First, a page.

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Discussion in 'Strings [BG]' started by 00Funk, Jul 23, 2007.
I have 2 seperate basses with theese strings. I groove better with the DR's
How do you like the tension on those DR flats? Is it lower than the Brites? The same?
About the same. I use drop D tuning, so its not too bad.
I cant imagine using them w/standard tuning
Im quite fond of EB flats.
And ive got some (7 to be exact) sets of Sadowsky flats, which sound pretty cool on my ATK right now
I know what you mean. I love the sound of flats but it's ths high tension I could do without.... Thanks for the info.
I like the daddario chromes myself.
Me too. I just tried the GHS Brite Flats and I didn't really like them at all. They feel weird and don't sound good enough to justify my keeping them on.
Im going to see if I can get use to them. They sound pretty good with a pic.
I think Brite Flats are awesome after you play them for a month or so.
To be honest, Im begining to really like both sets.
Thats weird, you have to break in flats.
Im use to changing rounds after a few days. After the zing is gone, rounds are useless to me.
The DR's sound incredable using a pic. Ive had both sets on different basses for three weeks now, and I guess they are good and broke in.
Good thing about the GHS's, is the low tension.
....then you might like to check out TI jazz flats (Thomastick-Infeld). As far as I know they are the lowest flats available. Lots of info about them here if you do a search.
After a few months now, I still like the DR highbeams. Im giving up on the GHS brite flats. Hate em.
For that bass, im going to DR nickel low riders. light guage. .40-.95 If it tears up the board, so be it.
They're groundwounds/halfrounds after all!! I've been wondering for decades why in all the world they called them "Brite Flats"!? That's just misleading. That said, I like them very much better than e.g. D'Addario Halfrounds. Brite Flats have a very throbby attack when played pizz, a good click when played with a pick, a classy sustain, and a somewhat hollow interesting character. They have more of a genuine deeper bass, less of a lower mid kick, halfway present highs, no twang (which I find annoying with most flats). And all this in a relatively light gauge (.045 - .056 - .077 - .098")
GHS has some real flats called "Precision Flatwound" which are quite good, a really deep bass (which many flats, alas, do miss), like a hippo girl giving you and your bandmates a massage , strong mids, mellow treble, neat pick attack, too.
A more flexible yet phat sounding and twang-free FW would be Pyramid Gold.
Alternatively Ernie Ball FWs also offer throbby bottom and twang-free top, yet with subdued mids.
D'Addario Chromes come with a very warm though not exactly celler-deep bass, very powerful mids (which in some contexts may be a bit boomy, though), are semi-twangy but nicely cutting through the mix.
In the more subtle department, there's of course the highly praised Thomastik-Infeld Jazz Bass Flat Wounds which are unique b/c of their roundcore.
Also possibly of interest: Dean Markley FWs which are lean, elegant and subtle.
Oh great Bushmaster!!!
Would you know how Labella's deep talkin and/or DR highbeams fit into your descriptions?
I'm like soooo close to pulling the trigger on some flats for my jazz once i get a P to keep rounds on. Diadario Chromes will most likely be my choice, but i've heard really great things about TI Flats.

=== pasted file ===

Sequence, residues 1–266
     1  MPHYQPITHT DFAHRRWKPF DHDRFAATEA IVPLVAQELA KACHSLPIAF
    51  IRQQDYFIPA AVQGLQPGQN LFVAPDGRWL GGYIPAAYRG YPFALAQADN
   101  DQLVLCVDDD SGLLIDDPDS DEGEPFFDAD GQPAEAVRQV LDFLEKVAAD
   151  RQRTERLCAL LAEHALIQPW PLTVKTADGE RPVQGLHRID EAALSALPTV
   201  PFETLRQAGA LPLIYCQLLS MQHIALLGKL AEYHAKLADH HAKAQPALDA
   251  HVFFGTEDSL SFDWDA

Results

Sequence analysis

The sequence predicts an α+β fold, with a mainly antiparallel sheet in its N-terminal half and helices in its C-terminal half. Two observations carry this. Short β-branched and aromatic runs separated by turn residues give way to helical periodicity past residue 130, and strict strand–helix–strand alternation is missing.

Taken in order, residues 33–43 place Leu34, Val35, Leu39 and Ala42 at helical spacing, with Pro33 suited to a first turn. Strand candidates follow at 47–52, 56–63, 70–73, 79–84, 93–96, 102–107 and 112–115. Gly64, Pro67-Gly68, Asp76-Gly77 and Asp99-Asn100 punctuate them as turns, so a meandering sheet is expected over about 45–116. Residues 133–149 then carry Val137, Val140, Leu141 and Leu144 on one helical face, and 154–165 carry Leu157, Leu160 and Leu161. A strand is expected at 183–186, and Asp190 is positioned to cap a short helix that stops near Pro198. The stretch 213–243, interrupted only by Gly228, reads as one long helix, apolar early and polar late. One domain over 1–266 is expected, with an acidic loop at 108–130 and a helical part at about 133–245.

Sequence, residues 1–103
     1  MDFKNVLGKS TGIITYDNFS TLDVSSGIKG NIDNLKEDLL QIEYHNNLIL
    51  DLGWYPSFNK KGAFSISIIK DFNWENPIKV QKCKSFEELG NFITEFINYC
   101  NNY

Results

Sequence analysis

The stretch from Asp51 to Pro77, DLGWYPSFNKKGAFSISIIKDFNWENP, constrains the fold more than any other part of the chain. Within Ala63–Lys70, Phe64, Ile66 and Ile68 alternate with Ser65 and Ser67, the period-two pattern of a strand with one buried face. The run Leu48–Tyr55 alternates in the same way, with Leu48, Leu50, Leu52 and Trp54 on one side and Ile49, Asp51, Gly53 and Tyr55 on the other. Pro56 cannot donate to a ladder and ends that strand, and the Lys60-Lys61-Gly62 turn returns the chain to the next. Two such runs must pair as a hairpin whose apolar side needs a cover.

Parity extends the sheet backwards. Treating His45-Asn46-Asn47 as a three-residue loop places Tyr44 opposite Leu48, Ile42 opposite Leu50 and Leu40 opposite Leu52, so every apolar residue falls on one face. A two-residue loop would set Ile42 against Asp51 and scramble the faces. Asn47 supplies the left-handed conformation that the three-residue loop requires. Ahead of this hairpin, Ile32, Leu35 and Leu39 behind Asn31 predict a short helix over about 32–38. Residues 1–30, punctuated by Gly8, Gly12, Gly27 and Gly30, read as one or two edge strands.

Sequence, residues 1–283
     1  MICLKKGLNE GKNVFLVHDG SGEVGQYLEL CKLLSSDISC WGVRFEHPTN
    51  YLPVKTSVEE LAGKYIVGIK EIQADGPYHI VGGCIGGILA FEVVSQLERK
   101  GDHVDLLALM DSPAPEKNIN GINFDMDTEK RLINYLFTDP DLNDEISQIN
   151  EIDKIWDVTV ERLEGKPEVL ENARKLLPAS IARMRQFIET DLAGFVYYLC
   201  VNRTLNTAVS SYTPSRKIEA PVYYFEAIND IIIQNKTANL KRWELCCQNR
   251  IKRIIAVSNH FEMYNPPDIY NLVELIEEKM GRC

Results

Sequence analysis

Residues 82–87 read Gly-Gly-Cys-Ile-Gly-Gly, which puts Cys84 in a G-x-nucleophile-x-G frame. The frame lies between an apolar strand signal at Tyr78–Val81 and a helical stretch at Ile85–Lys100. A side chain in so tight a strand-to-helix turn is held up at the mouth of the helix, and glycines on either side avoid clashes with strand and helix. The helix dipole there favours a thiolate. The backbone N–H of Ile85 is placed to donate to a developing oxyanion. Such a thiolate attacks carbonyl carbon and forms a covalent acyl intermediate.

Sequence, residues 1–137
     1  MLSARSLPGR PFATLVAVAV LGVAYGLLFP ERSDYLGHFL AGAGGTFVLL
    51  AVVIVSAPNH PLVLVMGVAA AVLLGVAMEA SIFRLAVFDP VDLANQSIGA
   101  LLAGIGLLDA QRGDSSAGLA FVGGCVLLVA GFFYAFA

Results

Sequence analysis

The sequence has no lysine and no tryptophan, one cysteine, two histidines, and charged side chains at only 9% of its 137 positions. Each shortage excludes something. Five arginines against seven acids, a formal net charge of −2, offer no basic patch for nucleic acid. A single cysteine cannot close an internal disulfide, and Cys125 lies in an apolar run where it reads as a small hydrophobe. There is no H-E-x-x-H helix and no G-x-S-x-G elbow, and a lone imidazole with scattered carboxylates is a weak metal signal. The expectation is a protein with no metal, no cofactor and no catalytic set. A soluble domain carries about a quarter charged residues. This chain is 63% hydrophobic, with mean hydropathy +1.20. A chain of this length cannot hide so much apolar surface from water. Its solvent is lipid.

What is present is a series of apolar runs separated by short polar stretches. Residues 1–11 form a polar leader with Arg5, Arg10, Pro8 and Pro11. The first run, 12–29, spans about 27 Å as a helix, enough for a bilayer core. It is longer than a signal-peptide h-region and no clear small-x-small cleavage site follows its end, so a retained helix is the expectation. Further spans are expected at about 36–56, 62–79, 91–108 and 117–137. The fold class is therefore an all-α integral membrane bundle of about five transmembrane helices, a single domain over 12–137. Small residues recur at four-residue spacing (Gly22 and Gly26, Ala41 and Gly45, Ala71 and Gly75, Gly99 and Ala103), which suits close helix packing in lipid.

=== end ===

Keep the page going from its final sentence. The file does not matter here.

Something about a Jazz with flats sounds better to my ears than the P with flats. Less thud, more smooth round full tone.
DR High-Beams basically is a stainless steel roundcore compression wound string. That is, it wrapped with round wires like a roundwound, but after it is finished with that, it gets crushed somewhat between rollers. In theory that should make a fine finish, but actually with DR it still is more coarse than many roundwounds That's not to say it was not a good string, though. It sounds phat, even when slapped, and also lasts longer than than the Lo-Riders/Stainless Steel (though this one is good for Stanley sounds).
AFAIK DR doesn't offer flatwounds. For oldschool sounds their nickel-plated line (Lo-Rider = hexcore, Sunbeams = roundcore) might be worth giving a shot, though.
LaBella makes technically really classy strings. DTB Flat has an excellent smooth finish, a phat bottom, though in .043 - .104" a twangy cut, while .052 - .110 is what the man himself, Jamerson, was playing. This is not just another pathetic endorsement hype, this one is a real classic.
DTB Roundwound probably had the most impressing cellar-deep bass of any string I've ever played, at the same time it really was of character, also very musical. Even worked great on fretless. I used a .044 - .110 set tuning down to DGCF with excellent results.
TI Jazz Flat is a very subtle string, also great for fretless. I guess half of what I'm playing wouldn't just come across with most other FW (which as a rule are too stiff for that).
Chromes are definitely on the powerful side, they kick butt I think they're still a good complement for a Preci or 70s Jazz or also a Gibson Ripper. At least to an old fart like me who used them already way back then this evokes memories...
Otherwise, in the past few years I've come to like PJs...
I'll toss in my preference for La Bella Deep Talkin' flats. The tension is comparable to like gauged rounds and they have a solid, clear sound.
I've always been a flat-wounder. I like the smooth sound even though I play mostly blues and southern / classic rock. I also like the minimized noise when sliding my fingers up the neck. I put Fender Flats on my Squier Pbass shortly after I got it and have just ordered a couple of sets from "Webstrings" mostly out of curiosity to see what a $16.00 set of strings sounds like and partly because I think my G is sounding tinny. If you all want I will post my opinion (for what it's worth) on how they sound.